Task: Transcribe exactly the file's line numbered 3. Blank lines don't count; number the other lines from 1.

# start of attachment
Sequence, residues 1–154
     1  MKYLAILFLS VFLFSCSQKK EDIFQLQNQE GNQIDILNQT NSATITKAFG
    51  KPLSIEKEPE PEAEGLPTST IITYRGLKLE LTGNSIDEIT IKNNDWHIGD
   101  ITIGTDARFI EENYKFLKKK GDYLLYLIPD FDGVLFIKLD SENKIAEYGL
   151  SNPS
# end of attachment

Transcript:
    51  KPLSIEKEPE PEAEGLPTST IITYRGLKLE LTGNSIDEIT IKNNDWHIGD